The Impact of Robot Tutor Social Behaviour on Children
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Robotic technologies possess great potential to enter our daily lives because they have the ability to interact with our world. But our world is inherently social. Whilst humans often have a natural understanding of this complex environment, it is much more challenging for robots. The field of social Human-Robot Interaction (HRI) seeks to endow robots with the characteristics and behaviours that would allow for intuitive multimodal interaction. Education is a social process and previous research has found strong links between the social behaviour of teachers and student learning. This therefore presents a promising application opportunity for social human-robot interaction.
The thesis presented here is that a robot with tailored social behaviour will positively influence the outcomes of tutoring interactions with children and consequently lead to an increase in child learning when compared to a robot without this social behaviour. It has long been established that one-to-one tutoring provides a more effective means of learning than the current typical school classroom model (one teacher to many students). Schools increasingly supplement their teaching with technology such as tablets and laptops to offer this personalised experience, but a growing body of evidence suggests that robots lead to greater learning than other media. It is posited that this is due to the increased social presence of a robot. This work adds to the evidence that robots hold a social advantage over other technological media, and that this indeed leads to increased learning.
In addition, the work here contributes to existing knowledge by seeking to expand our understanding of how to manipulate robot social behaviour in educational interactions such that the behaviour is tailored for this purpose. To achieve this, a means of characterising social behaviour is required, as is a means of measuring the success of the behaviour for the interaction. To characterise the social behaviour of the robot, the concept of immediacy is taken from the human-human literature and validated for use in HRI. Greater use of immediacy behaviours is also tied to increased cognitive learning gains in humans. This can be used to predict the same effect for the use of social behaviour by a robot, with learning providing an objective measure of success for the robot behaviour given the education application.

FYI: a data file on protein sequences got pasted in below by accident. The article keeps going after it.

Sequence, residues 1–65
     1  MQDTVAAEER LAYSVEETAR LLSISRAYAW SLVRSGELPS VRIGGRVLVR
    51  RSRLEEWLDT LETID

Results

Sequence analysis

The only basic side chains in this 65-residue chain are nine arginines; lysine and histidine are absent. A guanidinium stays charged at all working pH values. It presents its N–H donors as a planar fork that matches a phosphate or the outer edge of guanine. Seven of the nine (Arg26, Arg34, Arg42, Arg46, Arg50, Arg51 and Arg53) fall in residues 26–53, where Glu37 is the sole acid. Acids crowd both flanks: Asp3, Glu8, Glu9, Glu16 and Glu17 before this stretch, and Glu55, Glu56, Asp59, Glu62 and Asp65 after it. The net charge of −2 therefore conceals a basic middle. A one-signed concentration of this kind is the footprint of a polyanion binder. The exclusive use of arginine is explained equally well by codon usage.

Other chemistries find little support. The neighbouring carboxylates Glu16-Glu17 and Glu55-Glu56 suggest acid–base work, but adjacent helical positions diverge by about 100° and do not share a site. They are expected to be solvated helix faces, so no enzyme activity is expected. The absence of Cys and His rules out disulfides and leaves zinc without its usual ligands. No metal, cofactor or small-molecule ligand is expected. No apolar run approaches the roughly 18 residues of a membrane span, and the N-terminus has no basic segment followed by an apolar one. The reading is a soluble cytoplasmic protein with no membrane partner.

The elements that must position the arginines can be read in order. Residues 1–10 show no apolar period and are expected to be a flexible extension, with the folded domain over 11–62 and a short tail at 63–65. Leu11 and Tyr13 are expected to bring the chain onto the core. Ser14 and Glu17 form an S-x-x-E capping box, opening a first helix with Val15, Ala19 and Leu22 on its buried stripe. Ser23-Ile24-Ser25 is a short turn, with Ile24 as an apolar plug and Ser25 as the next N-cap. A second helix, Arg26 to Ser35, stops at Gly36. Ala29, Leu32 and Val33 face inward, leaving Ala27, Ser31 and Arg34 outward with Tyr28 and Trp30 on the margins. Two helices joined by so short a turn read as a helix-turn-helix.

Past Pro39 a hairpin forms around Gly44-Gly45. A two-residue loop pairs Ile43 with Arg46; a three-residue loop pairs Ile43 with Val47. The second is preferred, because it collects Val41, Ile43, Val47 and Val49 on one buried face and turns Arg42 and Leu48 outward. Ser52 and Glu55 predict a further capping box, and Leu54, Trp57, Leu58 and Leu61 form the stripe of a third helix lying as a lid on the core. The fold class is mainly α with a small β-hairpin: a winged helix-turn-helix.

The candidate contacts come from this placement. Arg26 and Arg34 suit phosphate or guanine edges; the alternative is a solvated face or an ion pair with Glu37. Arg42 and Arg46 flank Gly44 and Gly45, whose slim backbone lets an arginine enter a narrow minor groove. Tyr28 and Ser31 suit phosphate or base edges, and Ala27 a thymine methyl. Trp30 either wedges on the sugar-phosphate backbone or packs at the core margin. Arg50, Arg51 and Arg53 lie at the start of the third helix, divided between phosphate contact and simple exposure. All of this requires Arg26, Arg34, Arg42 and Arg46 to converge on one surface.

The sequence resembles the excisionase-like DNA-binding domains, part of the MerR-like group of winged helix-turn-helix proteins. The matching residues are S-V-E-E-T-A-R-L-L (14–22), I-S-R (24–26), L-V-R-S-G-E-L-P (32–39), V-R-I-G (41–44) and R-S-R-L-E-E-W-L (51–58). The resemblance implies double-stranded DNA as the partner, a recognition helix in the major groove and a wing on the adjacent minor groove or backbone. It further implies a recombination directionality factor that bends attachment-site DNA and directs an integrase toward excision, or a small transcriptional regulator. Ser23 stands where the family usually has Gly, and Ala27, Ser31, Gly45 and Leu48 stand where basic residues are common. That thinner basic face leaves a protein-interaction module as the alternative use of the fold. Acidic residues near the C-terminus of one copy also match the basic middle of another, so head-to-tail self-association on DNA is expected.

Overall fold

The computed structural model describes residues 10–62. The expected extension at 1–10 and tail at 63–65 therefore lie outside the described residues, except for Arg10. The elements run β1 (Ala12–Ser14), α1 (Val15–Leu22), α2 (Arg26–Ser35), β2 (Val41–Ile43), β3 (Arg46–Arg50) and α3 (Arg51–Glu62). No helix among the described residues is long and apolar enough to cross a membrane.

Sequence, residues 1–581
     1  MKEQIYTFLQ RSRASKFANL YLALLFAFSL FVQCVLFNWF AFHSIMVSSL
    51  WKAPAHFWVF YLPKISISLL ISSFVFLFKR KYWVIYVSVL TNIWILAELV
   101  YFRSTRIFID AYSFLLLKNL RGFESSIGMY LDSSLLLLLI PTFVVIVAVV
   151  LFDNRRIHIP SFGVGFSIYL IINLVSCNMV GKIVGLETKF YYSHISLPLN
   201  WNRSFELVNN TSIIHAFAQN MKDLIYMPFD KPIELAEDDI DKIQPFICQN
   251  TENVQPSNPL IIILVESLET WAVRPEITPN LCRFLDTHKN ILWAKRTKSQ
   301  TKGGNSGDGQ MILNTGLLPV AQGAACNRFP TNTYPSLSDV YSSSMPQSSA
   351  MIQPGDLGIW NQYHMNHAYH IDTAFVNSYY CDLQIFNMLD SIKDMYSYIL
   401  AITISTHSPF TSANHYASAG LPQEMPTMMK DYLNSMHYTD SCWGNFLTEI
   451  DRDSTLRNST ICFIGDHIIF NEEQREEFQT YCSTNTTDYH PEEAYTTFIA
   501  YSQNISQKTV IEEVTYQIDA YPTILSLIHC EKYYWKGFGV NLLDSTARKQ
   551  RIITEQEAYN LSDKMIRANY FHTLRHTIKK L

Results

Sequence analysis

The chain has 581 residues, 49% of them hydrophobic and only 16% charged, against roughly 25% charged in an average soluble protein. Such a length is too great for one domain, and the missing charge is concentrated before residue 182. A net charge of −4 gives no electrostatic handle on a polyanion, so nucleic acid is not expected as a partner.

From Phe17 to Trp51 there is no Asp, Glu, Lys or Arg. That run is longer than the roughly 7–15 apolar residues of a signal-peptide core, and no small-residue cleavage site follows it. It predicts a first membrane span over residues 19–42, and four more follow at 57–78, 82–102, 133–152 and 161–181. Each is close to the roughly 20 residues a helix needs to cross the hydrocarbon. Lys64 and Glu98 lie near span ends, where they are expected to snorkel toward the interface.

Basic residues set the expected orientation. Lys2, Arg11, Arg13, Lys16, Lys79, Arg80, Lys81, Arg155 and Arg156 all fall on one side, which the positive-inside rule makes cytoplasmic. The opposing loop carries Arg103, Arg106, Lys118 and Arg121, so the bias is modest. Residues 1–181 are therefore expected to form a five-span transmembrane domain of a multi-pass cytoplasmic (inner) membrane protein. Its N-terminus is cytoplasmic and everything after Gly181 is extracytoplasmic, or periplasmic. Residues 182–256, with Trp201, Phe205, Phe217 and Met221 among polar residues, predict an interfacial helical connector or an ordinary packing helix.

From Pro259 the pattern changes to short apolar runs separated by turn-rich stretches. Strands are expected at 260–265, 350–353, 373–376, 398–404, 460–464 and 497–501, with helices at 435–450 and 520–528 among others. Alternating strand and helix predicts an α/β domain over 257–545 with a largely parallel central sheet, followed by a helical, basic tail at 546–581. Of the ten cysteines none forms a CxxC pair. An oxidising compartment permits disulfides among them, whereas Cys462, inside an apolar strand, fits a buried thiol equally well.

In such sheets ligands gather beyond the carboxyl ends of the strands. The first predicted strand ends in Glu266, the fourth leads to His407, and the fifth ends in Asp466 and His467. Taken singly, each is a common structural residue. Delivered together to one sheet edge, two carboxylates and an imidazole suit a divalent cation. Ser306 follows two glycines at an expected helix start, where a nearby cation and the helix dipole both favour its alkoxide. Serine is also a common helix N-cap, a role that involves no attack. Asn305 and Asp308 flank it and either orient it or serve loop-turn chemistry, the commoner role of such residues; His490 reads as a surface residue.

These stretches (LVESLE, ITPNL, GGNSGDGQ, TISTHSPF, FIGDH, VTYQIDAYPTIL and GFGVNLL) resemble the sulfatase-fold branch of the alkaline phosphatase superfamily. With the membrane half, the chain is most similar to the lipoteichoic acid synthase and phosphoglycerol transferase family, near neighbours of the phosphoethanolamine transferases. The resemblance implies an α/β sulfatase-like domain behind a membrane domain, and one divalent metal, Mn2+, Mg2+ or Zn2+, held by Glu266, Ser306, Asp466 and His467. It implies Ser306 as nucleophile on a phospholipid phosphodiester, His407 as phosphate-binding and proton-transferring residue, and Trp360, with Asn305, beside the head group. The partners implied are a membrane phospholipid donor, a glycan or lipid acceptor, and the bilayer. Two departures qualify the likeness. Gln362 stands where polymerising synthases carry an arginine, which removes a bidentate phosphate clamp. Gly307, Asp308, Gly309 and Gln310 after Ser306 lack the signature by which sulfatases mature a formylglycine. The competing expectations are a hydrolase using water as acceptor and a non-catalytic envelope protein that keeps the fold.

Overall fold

It is found here that when implemented on a robot in tutoring scenarios, greater use of immediacy behaviours generally does tend to lead to increased learning, but a complex picture emerges. Merely the addition of more social behaviour is insufficient to increase learning; it is found that a balance should be struck between the addition of social cues, and the congruency of these cues.
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